Each input on a safety controller is internally monitored, just like on a safety relay, to detect momentary breaks or connections to identify a component that isn’t functioning correctly. A safety controller can also be programmed to group inputs that can be assigned to one of the safety outputs, thereby creating zones of safety within the controlled system.

This functionality saves money in the design of the system because, without a safety controller, one would have to have a separate safety relay for each zone on machine or process. Additionally, because all of the zones are programmed using the same safety controller, inter-zone operability can be achieved.

Another feature introduced recently is the safety I/O network. Based on a structure similar to IO-Link, these networks allow for simple four-wire connections between nodes to which safety devices are connected.

Depending on the node type, the device connected could be a simple e-stop, door switch or even a locking door switch. The network autoconfigures on power-up, and the safety relay to which the network is connected will provide a data table to provide status and commands for each device on the network.

Machine wiring is simplified because the main trunk of the network is a standard M12 cable identical to that used for sensors. Two conductors provide power, and the other two provide communications. A combination of five-wire and eight-wire, both output-signal-switching-devices (OSSD) and mechanical versions, can be combined on a single network.

All of the I/O goes back to the programmable controller via a network interface and appears in the tag database of the controller.

The latest evolution might just be the greatest. Hardware manufacturers have combined the programmable controller with the safety controller, offering a single device that contains both controllers. To maintain the safety aspect, the two controllers are completely independent of each other.

Standard and safety I/O can be placed anywhere in the rack. The great thing about this development is that the interconnection of standard and safety I/O means a user program can look at the status of a safety device in the standard program algorithm and vice versa.

With the evolution of safety hardware come improvements in the design and deployment of the devices making up the system. With safety controllers, regardless of stand-alone or combined with standard controllers, adding devices to the hardware tree brings in a tag structure associated with the type of device.

It might be as basic as input and output words, but if the device is from the same manufacturer as the safety controller, that tag structure might even be specific to that safety device with descriptive tags. The gate logic programming environment permits for building the algorithm using symbols that represent that actual devices.

It would be remiss to talk about all this and not mention that impact that safety relays and controllers have on the equipment downstream of the relay/controller. Since the output from a safety relay/controller includes all of the built-in self-monitoring logic, the resultant output can be used to trigger safety functions in devices such as variable-frequency drives (VFDs) and servo drives.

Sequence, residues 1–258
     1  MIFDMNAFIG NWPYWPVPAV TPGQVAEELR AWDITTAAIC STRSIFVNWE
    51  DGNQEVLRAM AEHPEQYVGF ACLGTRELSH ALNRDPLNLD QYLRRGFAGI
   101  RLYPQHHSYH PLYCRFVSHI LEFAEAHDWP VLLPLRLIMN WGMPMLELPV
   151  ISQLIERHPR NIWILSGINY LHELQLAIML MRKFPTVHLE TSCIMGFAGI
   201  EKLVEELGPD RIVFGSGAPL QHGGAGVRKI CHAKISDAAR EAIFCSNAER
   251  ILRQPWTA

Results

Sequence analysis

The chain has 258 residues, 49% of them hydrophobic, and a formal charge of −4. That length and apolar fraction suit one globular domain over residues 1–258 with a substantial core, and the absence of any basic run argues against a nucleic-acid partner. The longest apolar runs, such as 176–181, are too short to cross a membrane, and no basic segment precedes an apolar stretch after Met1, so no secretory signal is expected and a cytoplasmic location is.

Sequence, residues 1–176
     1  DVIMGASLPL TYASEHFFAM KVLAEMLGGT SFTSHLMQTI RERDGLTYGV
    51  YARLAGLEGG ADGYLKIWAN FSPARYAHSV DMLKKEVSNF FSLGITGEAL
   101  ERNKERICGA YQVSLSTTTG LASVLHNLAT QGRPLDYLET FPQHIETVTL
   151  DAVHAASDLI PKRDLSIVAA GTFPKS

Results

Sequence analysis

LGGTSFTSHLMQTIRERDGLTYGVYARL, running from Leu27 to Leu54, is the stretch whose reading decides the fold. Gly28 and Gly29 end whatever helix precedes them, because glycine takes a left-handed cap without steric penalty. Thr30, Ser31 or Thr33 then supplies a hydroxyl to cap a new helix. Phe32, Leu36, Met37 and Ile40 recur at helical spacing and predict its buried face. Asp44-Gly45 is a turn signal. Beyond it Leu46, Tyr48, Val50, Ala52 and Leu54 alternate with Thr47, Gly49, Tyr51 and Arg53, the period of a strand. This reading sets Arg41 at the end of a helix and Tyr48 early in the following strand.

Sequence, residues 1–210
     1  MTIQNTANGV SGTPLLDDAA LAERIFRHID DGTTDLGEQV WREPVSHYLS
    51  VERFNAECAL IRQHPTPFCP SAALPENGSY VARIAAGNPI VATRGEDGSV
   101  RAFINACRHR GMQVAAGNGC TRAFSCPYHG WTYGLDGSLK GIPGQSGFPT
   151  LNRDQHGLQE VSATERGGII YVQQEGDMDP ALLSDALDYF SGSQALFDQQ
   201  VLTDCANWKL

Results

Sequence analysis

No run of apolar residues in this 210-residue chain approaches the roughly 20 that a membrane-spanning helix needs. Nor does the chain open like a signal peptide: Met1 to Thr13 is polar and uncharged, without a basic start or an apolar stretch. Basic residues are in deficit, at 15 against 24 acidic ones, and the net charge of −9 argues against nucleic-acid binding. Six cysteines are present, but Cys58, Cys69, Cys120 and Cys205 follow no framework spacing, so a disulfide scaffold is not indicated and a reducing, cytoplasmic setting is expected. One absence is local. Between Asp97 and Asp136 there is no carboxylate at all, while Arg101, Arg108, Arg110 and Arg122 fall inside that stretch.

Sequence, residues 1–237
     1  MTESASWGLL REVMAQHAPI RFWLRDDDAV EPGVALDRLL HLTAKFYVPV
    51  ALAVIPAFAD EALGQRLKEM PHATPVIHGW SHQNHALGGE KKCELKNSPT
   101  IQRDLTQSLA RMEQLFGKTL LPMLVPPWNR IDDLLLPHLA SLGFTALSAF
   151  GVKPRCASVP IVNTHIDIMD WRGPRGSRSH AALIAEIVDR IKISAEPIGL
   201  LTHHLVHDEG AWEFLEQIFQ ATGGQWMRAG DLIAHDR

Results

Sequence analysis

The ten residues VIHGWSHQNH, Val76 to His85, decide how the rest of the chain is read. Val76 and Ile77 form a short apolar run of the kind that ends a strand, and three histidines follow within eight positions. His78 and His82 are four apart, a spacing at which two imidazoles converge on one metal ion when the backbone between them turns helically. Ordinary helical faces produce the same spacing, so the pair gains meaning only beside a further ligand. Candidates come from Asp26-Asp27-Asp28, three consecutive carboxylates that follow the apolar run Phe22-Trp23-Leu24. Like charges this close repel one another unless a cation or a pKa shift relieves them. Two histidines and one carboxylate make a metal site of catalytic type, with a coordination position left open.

A safety output can be wired to an input on a drive that operates a safe torque off (STO) feature. This feature renders the output from the drive completely inoperable, regardless of any command it might be receiving via direct wire or network connection. This function eliminates the need to have safety contactors upstream or downstream of the drive.

In days gone by, to make the drive safe, we had to drop the power to it if the safety circuit dropped out. Most drives don’t like to have this done to them and, eventually, may even fail.

The same goes for a contactor between the drive and the motor. Most drives don’t like to have an open circuit on the output connections and may even generate a fault if the circuit from the drive to the motor is interrupted. A safe-torque-off function prevents unexpected startup of a device during an e-stop condition, fulfilling stop category 0.

There are other safety functions available in some drives, based on the output of the safety relay/controller. These include a safe stop or controlled stop, safe limited speed, safe maximum speed and safe brake control, used for hanging/vertical loads where a brake needs to activate upon dropping power output to the motor.

Safety can be incredibly stressful to the designer. The obligation to protect the people using the equipment or process is paramount and can be somewhat overwhelming. However, with all of the features available to a designer, the safety circuit is much more user-friendly and cost effective to deploy. It is safe to proceed.

About the Author

Rick Rice | Contributing Editor

Rick Rice is a controls engineer at Crest Foods, a dry-foods manufacturing and packaging company in Ashton, Illinois. With more than 30 years’ experience in the field of automation, Rice has designed and programmed everything from automotive assembly, robots, palletizing and depalletizing equipment, conveyors and forming machines for the plastics industry but most of his career has focused on OEM in the packaging machinery industry with a focus on R&D for custom applications.